October 3, 2022 | Erin Bluvas, firstname.lastname@example.org
Chung Li Wu was an undergraduate student at Tamkang University in his native Taiwan when he found his calling. The mathematics major discovered the field of biostatistics during an introductory course in clinical trials and knew he had found his future profession.
“I realized from that course that I could contribute my mathematical talent to improve human life,” Wu says. “Since then, I’ve devoted myself to the field.”
After his 2013 graduation, Wu enrolled at National Yang Ming University to earn a master’s in biostatistics. He spent the following two years gaining practical experience as a research assistant in Taipei Veteran General Hospital’s Evidence-Based Medicine Center.
When Wu began looking at doctoral programs, UofSC rose to the top of his list due to its connection with National Taiwan University. The epidemiology and biostatistics department’s Ph.D. in Biostatistics program also offered a chance for Wu to work with professor James Hardin, whose expertise in correlated data was of particular interest to him.
“Dr. Hardin spent a great amount of time and effort to advise me on how to approach real-world problems with statistical thinking,” says Wu, who also found a mentor in James Hussey when working with the clinical associate professor as a teaching assistant. “Dr. Hussey’s teaching style and way of interpreting complex statistical concepts using accessible, real-life examples have always amazed me. Dr. Hardin and Dr. Hussey have both set a good example for me of what a successful statistician should be like.”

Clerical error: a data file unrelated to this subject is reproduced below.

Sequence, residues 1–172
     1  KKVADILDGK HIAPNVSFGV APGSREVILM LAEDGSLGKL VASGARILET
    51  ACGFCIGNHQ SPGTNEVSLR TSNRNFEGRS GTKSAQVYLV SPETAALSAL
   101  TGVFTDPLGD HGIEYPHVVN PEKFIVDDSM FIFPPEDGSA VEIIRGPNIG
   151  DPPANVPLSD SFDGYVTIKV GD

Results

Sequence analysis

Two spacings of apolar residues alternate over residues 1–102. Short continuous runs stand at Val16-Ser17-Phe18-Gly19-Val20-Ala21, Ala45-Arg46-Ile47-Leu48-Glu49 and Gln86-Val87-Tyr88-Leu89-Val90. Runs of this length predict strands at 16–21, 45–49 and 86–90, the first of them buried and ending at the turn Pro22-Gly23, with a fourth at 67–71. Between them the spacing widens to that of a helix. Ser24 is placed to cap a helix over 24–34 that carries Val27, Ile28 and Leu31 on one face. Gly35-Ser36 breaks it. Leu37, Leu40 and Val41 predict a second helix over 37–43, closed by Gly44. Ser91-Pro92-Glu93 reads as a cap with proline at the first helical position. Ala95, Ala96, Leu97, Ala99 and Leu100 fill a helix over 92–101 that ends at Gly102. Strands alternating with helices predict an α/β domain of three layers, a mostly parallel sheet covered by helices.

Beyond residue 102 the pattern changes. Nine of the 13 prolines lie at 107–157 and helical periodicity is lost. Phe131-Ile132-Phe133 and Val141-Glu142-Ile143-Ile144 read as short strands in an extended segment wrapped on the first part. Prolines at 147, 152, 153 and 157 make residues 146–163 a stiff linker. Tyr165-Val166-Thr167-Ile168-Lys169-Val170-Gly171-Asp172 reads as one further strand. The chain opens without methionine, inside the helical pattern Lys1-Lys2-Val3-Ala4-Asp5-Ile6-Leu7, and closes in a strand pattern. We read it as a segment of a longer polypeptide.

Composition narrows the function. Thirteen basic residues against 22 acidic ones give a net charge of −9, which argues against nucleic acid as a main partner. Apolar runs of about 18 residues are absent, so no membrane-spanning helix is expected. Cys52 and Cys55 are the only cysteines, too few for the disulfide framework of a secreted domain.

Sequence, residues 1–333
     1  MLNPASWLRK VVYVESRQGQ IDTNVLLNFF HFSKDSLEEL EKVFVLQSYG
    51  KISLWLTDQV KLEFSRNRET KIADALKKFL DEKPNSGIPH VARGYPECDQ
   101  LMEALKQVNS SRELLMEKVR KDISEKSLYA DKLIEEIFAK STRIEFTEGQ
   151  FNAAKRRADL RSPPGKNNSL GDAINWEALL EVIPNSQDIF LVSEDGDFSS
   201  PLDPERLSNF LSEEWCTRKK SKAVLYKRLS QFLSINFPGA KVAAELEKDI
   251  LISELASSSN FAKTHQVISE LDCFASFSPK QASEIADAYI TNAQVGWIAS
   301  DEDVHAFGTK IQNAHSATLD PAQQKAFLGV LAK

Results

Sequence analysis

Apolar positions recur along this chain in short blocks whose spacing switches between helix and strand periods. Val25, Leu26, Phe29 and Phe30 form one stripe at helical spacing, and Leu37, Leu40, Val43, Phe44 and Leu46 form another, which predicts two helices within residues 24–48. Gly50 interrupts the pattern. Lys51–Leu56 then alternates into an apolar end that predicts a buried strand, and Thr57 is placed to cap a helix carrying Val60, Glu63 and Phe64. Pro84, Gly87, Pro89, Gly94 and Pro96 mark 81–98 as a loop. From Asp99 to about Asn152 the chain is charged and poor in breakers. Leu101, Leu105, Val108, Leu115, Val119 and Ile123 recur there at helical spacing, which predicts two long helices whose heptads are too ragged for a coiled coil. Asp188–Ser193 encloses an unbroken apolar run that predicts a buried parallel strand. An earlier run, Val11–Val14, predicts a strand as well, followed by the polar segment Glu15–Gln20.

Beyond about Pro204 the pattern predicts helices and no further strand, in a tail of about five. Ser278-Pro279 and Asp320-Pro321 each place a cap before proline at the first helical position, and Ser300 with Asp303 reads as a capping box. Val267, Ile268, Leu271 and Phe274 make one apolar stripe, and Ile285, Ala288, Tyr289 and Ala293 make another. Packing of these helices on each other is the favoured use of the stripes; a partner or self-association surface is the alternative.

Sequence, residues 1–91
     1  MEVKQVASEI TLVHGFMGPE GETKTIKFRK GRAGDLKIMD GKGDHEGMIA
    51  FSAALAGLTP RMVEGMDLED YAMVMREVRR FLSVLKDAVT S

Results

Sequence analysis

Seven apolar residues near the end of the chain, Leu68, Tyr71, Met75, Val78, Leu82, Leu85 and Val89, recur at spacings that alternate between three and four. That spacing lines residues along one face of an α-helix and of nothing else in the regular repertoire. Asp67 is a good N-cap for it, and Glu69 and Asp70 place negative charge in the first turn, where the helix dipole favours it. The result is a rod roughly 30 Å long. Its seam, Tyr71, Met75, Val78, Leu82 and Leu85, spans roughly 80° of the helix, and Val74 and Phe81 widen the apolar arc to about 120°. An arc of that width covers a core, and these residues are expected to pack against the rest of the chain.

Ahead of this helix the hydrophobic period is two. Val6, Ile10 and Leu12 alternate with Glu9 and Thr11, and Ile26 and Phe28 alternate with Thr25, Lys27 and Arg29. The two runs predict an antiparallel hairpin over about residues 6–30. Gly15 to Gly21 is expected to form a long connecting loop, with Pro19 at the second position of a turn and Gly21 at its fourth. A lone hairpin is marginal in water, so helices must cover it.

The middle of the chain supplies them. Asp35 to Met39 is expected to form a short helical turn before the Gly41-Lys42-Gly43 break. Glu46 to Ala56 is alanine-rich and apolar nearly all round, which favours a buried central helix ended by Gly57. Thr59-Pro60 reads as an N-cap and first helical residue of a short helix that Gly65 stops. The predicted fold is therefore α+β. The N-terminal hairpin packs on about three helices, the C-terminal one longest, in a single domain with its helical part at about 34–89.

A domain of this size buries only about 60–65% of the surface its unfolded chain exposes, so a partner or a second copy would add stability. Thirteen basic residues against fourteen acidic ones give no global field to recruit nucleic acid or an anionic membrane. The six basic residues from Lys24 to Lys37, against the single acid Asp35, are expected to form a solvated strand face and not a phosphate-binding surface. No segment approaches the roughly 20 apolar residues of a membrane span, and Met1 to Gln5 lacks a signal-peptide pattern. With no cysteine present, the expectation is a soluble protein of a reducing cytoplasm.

As a research assistant with the Department of Health Promotion, Education, and Behavior, Wu collaborated with behavioral scientists to conduct tobacco cessation research. They focused on how policies influence tobacco-related perceptions and behaviors, gaining new understanding as to how government guidelines could be developed to advance tobacco cessation.
During his program, Wu served as an active member in the American Statistical Association and delved deep into his favorite topic (correlated data), digging into areas such as statistical methods for repeated measurement. “I am particularly passionate about approaching real-world problems that exist in clinical trials with statistical language,” he says.
After graduating this fall, Wu plans to work in the area of drug development. He is excited to use his mathematical expertise to enhance the accuracy and efficiency of the drug discovery process.
“Think about which area you are interested in – whether it is Bayesian statistics, oncology, machine learning – or other topics,” Wu advises others who are interested in pursuing a degree in biostatistics. “Talk to the professors in advance to see whether what they are doing fits your personal goals. Then, enjoy the journey of your study at UofSC.”